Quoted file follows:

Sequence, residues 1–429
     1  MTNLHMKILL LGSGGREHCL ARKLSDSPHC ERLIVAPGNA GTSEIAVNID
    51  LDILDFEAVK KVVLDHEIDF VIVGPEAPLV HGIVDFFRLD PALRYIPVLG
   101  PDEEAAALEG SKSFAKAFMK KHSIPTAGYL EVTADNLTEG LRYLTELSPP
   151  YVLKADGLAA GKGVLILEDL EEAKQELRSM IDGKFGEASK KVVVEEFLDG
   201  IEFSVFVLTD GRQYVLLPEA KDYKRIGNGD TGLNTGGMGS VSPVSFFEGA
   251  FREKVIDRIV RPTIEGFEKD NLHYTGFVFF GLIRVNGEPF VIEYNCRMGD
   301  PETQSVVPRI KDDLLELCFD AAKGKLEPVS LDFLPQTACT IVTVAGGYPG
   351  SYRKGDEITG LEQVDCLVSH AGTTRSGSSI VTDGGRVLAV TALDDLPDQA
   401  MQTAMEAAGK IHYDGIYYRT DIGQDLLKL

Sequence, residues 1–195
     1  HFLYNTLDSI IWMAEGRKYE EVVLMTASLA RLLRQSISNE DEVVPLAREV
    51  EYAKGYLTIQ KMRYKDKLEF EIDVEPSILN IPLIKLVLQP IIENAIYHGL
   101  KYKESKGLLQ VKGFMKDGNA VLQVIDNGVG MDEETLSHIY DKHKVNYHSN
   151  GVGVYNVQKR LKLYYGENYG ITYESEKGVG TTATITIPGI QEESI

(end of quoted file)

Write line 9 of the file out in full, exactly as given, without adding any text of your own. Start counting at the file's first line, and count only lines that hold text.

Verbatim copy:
   351  SYRKGDEITG LEQVDCLVSH AGTTRSGSSI VTDGGRVLAV TALDDLPDQA